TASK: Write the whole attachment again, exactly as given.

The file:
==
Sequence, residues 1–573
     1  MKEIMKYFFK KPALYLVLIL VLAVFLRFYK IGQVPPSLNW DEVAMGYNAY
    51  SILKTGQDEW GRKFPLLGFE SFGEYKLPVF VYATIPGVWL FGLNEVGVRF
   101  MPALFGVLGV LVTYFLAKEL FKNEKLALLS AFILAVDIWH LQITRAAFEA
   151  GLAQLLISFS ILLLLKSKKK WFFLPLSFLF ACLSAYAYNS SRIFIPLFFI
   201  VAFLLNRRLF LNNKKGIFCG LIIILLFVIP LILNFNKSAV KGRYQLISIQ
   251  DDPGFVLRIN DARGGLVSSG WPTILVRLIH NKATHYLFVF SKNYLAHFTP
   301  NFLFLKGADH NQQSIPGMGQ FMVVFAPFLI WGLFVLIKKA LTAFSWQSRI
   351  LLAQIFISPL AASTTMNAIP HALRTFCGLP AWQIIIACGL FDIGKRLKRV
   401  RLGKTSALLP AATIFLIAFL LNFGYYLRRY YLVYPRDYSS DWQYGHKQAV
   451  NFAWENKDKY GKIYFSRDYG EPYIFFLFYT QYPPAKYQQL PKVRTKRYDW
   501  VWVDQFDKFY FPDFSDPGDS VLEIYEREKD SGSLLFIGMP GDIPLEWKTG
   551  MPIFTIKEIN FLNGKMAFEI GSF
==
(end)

Sequence, residues 1–573
     1  MKEIMKYFFK KPALYLVLIL VLAVFLRFYK IGQVPPSLNW DEVAMGYNAY
    51  SILKTGQDEW GRKFPLLGFE SFGEYKLPVF VYATIPGVWL FGLNEVGVRF
   101  MPALFGVLGV LVTYFLAKEL FKNEKLALLS AFILAVDIWH LQITRAAFEA
   151  GLAQLLISFS ILLLLKSKKK WFFLPLSFLF ACLSAYAYNS SRIFIPLFFI
   201  VAFLLNRRLF LNNKKGIFCG LIIILLFVIP LILNFNKSAV KGRYQLISIQ
   251  DDPGFVLRIN DARGGLVSSG WPTILVRLIH NKATHYLFVF SKNYLAHFTP
   301  NFLFLKGADH NQQSIPGMGQ FMVVFAPFLI WGLFVLIKKA LTAFSWQSRI
   351  LLAQIFISPL AASTTMNAIP HALRTFCGLP AWQIIIACGL FDIGKRLKRV
   401  RLGKTSALLP AATIFLIAFL LNFGYYLRRY YLVYPRDYSS DWQYGHKQAV
   451  NFAWENKDKY GKIYFSRDYG EPYIFFLFYT QYPPAKYQQL PKVRTKRYDW
   501  VWVDQFDKFY FPDFSDPGDS VLEIYEREKD SGSLLFIGMP GDIPLEWKTG
   551  MPIFTIKEIN FLNGKMAFEI GSF